It’s a weekend in early March and I thought it would be easier to find solitude here. I’m away at a conference in Muskoka. Snow and ice stretches across Lake Rosseau. After the workshops I have time in the evenings to write. My room is quiet. The fireplace settles me from a full day of learning. I want to write. I sit with my notebook ready to write. Then I fall asleep.
To write in my best state of flow I need to be well rested. I need time in a quiet space just to be quiet before I am able to fill the space with words. Sometimes it looks like falling asleep. When I wake up, still in that dreamy space, the words will rise from the stillness deep within me. Transitions are important. When I allow time to transition from a busy day I can create space for writing.
I’ve learned that this transition needs to be a time for nothing. No electronics. No new adventures. I can walk a familiar route. I can sit in my favourite chair. My goal is to decrease the stimulus around me so I can clearly hear the voice within me. Once I enter into the stillness then I am ready to create.
The goal this week is to pay attention to transitions. How are you moving from your everyday routines to your creative work? What do you need to make this transition go smoothly? How long does it take?
I continue to explore these questions in the video below.
How do you find solitude?
A Black Tar Invitation
By Jessica Outram
black tar suffocates skin
head to toe slow
eye to stomach
when I try to move
your request strikes
travelling smoke signals
heavy with rotting time
because I want to please you
make you like me
find love outside
this burning tar
built up from ignoring
the call of stillness and
it’s not your fault
I know shame teases
like a schoolyard bully
lures me to fall
and all because I’d rather
stay home alone with books
and pens than accept
Let’s Create: (Focus on Solitude)
Select one of the experiences listed here to do today. Then, copy and paste the others onto your calendar to do on other days in two and three months from now.
Reflect on what it feels like when you are in the act of writing. Try to recall the sensations of all the senses.
Schedule a weekend just for you. Unplug from social media, email, and the phone. Write and wander, repeat.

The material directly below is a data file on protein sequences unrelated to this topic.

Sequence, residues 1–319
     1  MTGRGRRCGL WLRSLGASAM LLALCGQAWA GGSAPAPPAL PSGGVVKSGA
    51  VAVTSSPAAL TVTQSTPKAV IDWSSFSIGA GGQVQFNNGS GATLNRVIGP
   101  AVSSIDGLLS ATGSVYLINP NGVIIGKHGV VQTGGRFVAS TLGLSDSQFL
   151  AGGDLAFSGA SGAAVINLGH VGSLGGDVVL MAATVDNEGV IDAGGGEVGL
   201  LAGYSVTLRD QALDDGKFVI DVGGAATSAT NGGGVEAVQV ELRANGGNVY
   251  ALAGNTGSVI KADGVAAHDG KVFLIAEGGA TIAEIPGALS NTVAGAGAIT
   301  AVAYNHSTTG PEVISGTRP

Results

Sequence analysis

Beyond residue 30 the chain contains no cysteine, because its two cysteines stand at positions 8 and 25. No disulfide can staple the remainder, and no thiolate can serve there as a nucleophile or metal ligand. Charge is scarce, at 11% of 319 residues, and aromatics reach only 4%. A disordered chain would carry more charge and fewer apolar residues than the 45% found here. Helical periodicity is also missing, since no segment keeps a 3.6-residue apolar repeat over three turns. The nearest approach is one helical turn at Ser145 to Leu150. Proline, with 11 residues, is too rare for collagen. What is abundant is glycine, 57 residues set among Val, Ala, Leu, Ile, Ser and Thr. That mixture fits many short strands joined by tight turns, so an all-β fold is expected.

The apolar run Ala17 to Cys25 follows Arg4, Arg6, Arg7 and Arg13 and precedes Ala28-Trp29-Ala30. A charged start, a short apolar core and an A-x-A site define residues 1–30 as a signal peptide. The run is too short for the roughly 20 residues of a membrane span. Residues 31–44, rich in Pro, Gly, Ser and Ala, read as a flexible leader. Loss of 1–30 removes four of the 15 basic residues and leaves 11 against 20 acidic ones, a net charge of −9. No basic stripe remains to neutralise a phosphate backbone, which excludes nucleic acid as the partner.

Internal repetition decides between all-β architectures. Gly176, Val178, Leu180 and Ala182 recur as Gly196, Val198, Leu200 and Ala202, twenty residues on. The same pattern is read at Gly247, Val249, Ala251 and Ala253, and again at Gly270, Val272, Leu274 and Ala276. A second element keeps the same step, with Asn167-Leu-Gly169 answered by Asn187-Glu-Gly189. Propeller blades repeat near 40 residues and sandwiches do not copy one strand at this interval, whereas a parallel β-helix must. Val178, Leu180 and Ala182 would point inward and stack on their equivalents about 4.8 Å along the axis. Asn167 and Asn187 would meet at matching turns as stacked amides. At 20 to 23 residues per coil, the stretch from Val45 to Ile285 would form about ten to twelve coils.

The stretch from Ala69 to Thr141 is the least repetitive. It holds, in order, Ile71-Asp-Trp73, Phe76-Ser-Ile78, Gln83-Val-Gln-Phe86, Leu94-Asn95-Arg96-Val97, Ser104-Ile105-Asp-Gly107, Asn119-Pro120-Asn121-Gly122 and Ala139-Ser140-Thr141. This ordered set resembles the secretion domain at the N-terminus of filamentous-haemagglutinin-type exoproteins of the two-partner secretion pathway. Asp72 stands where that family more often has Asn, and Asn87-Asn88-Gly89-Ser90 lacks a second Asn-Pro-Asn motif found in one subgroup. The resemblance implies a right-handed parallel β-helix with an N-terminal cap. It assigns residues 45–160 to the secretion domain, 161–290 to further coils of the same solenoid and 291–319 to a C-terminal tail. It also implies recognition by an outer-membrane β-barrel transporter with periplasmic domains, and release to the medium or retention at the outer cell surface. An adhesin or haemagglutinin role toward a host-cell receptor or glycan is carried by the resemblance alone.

Imagine you’re given a fully stocked cabin in the woods for seven days. It’s just you in the woods by a lake…write.
Write about a place where you feel peace and connected to your centre.
Use Solitude and Self-Awareness to Go Deeper Into Character…
You may have noticed that each lesson includes some work on self-development and then some work on craft. This week we continue our work with character.
Transport your character to another time and place, asking how she would react when faced with a major ethical dilemma. By using Kohlberg’s Theory of Moral Development as a lens reflect on whether her morality will shift in your book. Kohlberg shows how moral development can be organized in six stages, from someone who makes choices to avoid punishment (like Homer Simpson) to someone who makes choices based on what s/he feels is right (like Atticus Finch.) Does your protagonist make choices based on what she gets in return? Does she have an understanding of the greater good? How do the events in the story reveal and/or test her morality?
Consider the Stages of Moral Development in exploring these dilemmas:
For example. The first one is about an airline pilot. Imagine the airline pilot is in Stage 3 and very concerned with being good, with pleasing everyone. How does this impact the scene? Then imagine the pilot is at Stage 1 and very concerned with obedience and punishment. Does the pilot go against personal instincts to follow a command in this Stage?
Sometimes it’s helpful to think of the stages through the characters in the TV cartoon The Simpsons. How is Bart different from Lisa different from Marge? Can you see where they fit in these stages? What would it take for your character to move to a different stage?
I’ve found this is a fun way to look at character when I am writing.
- An airline pilot’s choice at 40,000 feet.
- When two of your friends are interested in the same person, what responsibility do you have to act?
- A young man weighs the importance of a steady pay-check against a healthy environment.
- An accountant goes too far in helping his company.
- A college professor must deal with his compassion for a cheater.
- A father of two must decide where to spend his time: home or work.
- When is furthering your organization’s mission the wrong thing to do?
- A teacher struggles with a good student’s poor behaviour.
- A coach must make a disciplinary decide before a championship game.
Click here for a video about Kohlberg’s theory. This may be helpful if this idea is still feeling abstract to you.
How can this information about the Stages influence character development in your work?
How does this information about moral development influence who you are and how you want to make decision in your life?